Cotton row heats up as US NBA players asked to end commercial ties with Chinese brands

The US congressional commission called on NBA players to end endorsements of Chinese sportswear firms using cotton grown in Xinjiang such as ANTA Sports, Li-Ning and Peak Sport. 

The commission believed that commercial relationships with these companies create "reputational risks" for NBA and the players, particularly after the US government had determined China was committing genocide and crimes against humanity in Xinjiang and barred cotton imports from the region. The letter said, "In light of this, we urge the NBPA to work with its members to raise awareness about the ongoing genocide taking place in Xinjiang and the role of forced labor in the production of products made by brands that NBPA members have endorsed. We hope that the result of such efforts would be that the players would leverage their contracts with Anta, Li-Ning, and Peak to push these companies to end their use of Xinjiang cotton. Short of that outcome, we encourage players to end their endorsement deals with these companies."

It added that NBA players have had a strong track record of using their large public platform to speak out against injustice and "serve as unofficial ambassadors admired and emulated around the world, and we hope that their decisions on endorsements will reflect the NBPA’s values."

Meanwhile, the fashion brands of H&M, Nike and Zara have been accused by the Chinese government of selling substandard children's clothes that posed potential health hazards amid the ongoing cotton row.  China's general administration of customs listed 81 imported children's clothing products involving garments, toys, toothbrushes, shoes and baby bottles during the agency's annual examinations in a warning notice published on its website on Tuesday, saying that the products were flagged for quality and safety risks.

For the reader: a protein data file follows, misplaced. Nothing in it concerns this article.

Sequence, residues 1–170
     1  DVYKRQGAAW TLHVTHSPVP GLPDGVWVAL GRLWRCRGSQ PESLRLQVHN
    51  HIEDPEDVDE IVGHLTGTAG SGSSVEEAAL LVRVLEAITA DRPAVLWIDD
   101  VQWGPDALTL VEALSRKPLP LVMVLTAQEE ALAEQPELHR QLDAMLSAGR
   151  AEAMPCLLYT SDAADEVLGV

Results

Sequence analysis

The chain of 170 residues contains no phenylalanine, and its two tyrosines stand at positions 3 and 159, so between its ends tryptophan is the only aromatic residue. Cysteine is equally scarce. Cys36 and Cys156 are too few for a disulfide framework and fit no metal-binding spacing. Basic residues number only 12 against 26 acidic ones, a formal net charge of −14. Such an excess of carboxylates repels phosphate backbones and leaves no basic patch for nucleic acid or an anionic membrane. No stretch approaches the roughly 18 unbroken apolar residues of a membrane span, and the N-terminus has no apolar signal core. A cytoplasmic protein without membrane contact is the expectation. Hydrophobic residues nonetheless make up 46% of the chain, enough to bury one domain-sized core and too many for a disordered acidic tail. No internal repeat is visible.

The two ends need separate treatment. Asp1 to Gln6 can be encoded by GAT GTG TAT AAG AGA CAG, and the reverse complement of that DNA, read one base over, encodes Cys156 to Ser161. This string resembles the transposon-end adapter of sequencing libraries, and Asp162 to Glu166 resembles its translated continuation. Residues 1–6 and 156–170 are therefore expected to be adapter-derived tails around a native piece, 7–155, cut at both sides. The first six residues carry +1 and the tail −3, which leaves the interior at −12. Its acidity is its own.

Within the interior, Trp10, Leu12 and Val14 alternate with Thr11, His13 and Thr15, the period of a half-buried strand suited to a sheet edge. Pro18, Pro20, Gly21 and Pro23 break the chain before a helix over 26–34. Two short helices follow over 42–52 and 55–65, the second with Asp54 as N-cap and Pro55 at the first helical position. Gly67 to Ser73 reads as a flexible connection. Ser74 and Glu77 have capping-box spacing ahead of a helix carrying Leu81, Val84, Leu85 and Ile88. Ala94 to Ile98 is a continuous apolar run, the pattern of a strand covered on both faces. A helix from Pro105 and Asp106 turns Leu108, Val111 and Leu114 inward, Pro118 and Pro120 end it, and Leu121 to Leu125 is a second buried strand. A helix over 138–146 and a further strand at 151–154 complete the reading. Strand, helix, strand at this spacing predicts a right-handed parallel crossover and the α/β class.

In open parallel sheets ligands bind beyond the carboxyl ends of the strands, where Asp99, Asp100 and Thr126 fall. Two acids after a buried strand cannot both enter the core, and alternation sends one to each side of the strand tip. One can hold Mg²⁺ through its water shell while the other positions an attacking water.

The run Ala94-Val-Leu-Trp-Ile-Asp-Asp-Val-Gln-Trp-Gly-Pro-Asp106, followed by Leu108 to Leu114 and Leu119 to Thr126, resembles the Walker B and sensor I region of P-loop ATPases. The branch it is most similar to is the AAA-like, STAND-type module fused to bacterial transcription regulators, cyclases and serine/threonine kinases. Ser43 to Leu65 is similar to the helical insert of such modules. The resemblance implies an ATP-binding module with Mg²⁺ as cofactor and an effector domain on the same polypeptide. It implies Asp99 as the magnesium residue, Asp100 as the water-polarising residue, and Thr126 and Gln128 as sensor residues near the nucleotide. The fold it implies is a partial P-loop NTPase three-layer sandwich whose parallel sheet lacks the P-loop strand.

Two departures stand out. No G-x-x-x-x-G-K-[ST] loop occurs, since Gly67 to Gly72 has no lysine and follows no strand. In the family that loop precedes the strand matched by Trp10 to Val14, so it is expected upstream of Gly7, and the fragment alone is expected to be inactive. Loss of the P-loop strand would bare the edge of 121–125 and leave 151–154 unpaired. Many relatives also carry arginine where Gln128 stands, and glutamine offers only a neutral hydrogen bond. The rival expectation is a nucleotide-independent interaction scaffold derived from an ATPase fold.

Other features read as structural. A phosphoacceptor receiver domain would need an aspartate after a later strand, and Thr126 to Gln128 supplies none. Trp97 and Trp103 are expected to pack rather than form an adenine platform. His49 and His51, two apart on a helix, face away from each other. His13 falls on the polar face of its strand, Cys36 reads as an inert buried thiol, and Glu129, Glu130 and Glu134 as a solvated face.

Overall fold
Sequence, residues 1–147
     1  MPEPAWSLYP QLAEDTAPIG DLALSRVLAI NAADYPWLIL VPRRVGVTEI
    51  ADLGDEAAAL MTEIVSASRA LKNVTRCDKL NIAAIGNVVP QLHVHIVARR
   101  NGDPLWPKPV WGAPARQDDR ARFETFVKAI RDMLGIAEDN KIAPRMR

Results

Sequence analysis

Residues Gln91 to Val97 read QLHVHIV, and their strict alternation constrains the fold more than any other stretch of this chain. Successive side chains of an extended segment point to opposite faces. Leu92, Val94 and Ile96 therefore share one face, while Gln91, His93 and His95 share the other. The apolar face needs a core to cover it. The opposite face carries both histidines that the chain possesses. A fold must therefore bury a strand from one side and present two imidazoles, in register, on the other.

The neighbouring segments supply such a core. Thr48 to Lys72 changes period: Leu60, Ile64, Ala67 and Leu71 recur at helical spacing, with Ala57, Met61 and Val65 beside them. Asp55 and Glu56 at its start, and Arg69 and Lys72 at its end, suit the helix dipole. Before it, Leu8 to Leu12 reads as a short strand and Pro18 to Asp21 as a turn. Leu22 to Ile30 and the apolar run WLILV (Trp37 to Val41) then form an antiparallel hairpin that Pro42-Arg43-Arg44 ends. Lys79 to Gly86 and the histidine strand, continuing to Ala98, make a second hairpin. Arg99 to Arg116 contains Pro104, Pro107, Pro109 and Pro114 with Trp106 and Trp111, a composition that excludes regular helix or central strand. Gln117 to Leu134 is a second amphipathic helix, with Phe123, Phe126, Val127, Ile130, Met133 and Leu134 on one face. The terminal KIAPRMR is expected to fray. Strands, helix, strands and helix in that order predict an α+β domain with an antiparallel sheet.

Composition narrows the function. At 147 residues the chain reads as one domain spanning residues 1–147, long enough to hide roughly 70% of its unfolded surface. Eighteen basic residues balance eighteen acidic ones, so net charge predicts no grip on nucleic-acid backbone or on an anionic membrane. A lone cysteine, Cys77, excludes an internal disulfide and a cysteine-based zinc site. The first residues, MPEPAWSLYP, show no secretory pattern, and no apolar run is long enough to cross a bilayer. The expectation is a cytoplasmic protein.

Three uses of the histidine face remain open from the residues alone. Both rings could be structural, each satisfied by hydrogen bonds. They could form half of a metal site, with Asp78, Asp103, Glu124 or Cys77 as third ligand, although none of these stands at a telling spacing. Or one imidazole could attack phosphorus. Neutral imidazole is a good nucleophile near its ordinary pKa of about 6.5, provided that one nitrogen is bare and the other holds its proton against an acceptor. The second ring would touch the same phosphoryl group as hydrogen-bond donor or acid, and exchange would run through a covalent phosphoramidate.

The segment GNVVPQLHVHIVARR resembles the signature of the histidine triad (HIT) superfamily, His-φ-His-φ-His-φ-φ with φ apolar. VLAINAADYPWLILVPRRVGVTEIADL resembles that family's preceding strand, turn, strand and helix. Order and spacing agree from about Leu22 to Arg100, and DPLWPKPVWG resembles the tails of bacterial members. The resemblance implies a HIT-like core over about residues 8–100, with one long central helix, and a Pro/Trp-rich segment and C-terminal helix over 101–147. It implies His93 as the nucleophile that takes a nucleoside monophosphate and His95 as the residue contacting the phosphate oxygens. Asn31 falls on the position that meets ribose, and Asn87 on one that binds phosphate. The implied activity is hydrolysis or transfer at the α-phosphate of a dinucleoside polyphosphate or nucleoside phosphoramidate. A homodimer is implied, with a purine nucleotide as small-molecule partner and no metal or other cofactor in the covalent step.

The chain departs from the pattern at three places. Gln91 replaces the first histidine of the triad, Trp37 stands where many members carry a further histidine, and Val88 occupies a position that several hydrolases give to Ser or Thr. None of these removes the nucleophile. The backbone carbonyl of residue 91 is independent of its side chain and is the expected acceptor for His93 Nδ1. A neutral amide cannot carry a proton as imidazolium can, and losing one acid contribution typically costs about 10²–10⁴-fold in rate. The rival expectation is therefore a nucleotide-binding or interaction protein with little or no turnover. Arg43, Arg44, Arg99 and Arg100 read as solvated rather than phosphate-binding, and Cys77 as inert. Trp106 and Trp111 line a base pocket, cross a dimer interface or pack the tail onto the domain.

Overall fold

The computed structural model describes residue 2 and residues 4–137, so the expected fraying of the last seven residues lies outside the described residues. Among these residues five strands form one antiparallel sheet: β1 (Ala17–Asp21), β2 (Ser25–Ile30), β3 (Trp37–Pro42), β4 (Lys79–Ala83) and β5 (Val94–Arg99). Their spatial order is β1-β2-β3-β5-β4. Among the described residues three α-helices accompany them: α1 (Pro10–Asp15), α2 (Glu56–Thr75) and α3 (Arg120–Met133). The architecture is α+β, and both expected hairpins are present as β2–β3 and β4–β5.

According to the South China Morning Post, China's customs also found similar problematic clothing items from GAP and Uniqlo. It was said that the non-compliant products have all been confiscated, destroyed or returned to distributors.

Chinese shoppers are boycotting companies that are refusing to use cotton grown in Xinjiang province and the latest accusation is the latest blow from China to global brands. Due to pressure from various countries, a number of brands pledged not to use cotton from the Xinjiang province, citing accusations of human rights violations of the Uyghurs in the region, including being forced to work in poor conditions for little or no pay with many of them picking cotton.

Chinese celebrities terminated the sponsorship with H&M and major eCommerce sites removed products from the Swedish brand. It also closed one of its flagship stores in Shanghai last month after a decade of business. Meanwhile, Zara would shut down the stores of three of its subsidiaries in China as well.


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